Michael Chance, Artistic Director and CEO, The Grange Festival

On 21 February, Boris Johnson delivered his roadmap speech. He announced the expectation that all Covid restrictions would end on 21 June 21. Running what is a relatively small summer opera festival, scheduled to open a fortnight earlier than this date, I decided to telescope our programme of 20 performances in order to open after it. The risk was clear but the potential gain substantial: for us to be able to accept any ticket sale and not turn anyone away so that we would not break the one metre+ rule in a socially spaced auditorium. The difference for our theatre was 255 as opposed to our full capacity of 610. The enormous pressure on our box office team and the prospect of irritating our audience with changes to their dates and their seats began at that moment. [Pictured below: before full or fuller houses were permitted, the "seats between" were occupied by photos of musicians and administration]'Audience' at The Grange FestivalWe started rehearsing five separate productions in mid-April, each with its own cast and stage management team, in five separate locations in London. Our first week of music rehearsals for A Midsummer Night’s Dream, with a cast of 21, and getting on for 30 in the room for the full sing-through, was masked for entry and exit and seated at one metre+ distance. At that stage we were testing with Lateral Flow Antigen twice a week. In the following week, production rehearsals started in a different location, with the first two days being seated talk-throughs of the text of the opera. By the end of that week, our conductor and three cast members had all tested positive. We shut the production down, and hired a Covid consultant. A new protocol was established for conducting “safe” rehearsals, which involved fewer people in the room at any one time, two lateral flow tests and a PCR test for all every week, and a request that any member of the company must feel safe and report any instance of physical proximity lasting more than a few seconds to stage management. Oh, and every rehearsal for all from then on must be masked for all. These rules were subsequently more or less adhered to successfully, notwithstanding the oppressive challenge of singing while masked. The Dream rehearsals were resumed after a break of 10 days, with all company members having supplied a negative PCR test.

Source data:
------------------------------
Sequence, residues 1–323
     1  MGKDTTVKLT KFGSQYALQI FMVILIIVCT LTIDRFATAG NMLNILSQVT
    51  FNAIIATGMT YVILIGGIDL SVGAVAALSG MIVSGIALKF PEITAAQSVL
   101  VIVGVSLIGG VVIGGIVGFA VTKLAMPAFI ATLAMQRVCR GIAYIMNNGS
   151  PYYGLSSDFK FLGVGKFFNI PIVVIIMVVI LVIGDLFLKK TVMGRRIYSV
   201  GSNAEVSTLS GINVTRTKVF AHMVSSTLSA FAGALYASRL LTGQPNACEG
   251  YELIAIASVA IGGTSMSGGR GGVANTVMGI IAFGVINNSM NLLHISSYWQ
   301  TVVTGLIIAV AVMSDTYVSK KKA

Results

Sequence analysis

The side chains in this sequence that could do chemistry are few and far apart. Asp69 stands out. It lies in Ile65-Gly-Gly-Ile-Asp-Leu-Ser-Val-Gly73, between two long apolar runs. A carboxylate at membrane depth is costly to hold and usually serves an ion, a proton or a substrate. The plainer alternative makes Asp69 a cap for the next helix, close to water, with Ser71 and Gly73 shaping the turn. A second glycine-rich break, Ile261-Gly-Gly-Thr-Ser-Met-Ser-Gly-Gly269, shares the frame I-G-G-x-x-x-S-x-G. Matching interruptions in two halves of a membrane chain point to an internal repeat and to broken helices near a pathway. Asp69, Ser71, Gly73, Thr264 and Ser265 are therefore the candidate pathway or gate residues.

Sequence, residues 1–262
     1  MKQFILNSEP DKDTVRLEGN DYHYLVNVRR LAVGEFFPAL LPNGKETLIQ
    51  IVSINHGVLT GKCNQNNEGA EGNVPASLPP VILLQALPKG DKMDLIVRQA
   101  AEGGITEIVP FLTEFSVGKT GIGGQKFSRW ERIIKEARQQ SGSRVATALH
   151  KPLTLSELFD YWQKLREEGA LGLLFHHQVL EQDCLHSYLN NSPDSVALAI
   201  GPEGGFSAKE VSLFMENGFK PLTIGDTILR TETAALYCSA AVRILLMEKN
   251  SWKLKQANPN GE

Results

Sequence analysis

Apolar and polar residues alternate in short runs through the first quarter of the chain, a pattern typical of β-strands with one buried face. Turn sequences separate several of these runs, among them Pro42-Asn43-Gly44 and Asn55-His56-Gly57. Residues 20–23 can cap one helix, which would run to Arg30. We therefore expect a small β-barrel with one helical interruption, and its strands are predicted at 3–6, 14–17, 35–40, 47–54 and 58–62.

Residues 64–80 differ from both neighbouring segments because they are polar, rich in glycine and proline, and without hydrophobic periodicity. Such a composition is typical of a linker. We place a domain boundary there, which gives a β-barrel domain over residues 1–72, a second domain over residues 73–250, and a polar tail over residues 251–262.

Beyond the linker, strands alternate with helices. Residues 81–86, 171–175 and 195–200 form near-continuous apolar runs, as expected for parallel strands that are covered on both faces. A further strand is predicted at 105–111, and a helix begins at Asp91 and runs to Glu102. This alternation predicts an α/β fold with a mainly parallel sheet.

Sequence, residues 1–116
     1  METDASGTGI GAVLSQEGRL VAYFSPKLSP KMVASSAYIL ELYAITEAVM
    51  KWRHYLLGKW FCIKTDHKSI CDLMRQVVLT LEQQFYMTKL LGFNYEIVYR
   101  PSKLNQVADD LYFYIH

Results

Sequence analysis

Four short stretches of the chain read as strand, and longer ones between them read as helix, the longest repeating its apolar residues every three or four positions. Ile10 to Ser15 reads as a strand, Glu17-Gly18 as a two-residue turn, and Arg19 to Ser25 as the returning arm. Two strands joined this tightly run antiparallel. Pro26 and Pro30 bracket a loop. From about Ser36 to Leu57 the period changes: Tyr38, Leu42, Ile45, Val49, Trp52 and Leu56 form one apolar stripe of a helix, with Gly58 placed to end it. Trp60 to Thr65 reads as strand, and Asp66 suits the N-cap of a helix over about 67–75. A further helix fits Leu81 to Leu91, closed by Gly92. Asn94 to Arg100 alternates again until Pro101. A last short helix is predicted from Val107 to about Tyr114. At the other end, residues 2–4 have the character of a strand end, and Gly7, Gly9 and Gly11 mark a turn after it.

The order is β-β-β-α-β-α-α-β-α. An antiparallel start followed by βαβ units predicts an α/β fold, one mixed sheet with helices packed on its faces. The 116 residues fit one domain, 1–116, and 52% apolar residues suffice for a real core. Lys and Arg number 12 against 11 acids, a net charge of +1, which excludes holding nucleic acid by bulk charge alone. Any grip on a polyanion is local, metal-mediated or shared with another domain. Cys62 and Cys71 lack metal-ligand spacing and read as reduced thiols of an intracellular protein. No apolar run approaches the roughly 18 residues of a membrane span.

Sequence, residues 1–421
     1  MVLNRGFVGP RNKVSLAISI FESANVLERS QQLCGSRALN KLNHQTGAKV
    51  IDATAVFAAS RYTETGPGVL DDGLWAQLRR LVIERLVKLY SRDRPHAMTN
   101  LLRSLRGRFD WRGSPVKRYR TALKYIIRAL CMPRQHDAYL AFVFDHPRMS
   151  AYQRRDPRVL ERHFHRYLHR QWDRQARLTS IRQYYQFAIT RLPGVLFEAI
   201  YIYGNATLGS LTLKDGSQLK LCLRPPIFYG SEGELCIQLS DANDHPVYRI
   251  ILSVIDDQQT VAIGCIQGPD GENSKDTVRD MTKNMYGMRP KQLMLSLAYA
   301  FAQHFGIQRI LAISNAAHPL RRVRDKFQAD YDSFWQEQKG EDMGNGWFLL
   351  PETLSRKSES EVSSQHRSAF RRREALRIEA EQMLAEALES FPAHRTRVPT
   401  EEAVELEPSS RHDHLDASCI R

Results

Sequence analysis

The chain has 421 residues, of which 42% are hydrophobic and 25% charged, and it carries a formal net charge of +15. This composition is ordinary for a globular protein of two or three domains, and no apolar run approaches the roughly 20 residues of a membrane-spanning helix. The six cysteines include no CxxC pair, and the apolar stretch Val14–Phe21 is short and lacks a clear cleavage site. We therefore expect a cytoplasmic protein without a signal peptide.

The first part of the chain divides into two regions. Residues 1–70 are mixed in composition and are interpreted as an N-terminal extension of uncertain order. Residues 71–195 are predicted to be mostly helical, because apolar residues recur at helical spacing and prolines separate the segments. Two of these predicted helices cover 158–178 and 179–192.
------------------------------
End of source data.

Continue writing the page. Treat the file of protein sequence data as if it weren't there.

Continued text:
At this stage we faced these daily challenges with the realisation that subsequent multiple positive tests would alert the authorities, who would have no hesitation in shutting us down completely. End of festival.

On 14 June, the Prime Minister announced a delay to the unlocking. Our festival was due to open 10 days later with a weekend launching two productions: A Midsummer Night’s Dream and La Cenerentola. While I was watching Johnson’s speech, I sent a rather desperate e-mail to the DCMS Secretary of State, Oliver Dowden, to suggest that The Grange would be a suitable “test” site for an unrestricted audience. I certainly did not expect a response. Via another route, most surprisingly we were added to the DCMS list for test events two days later, and so began a process of trying to work out, on both sides, what this actually meant.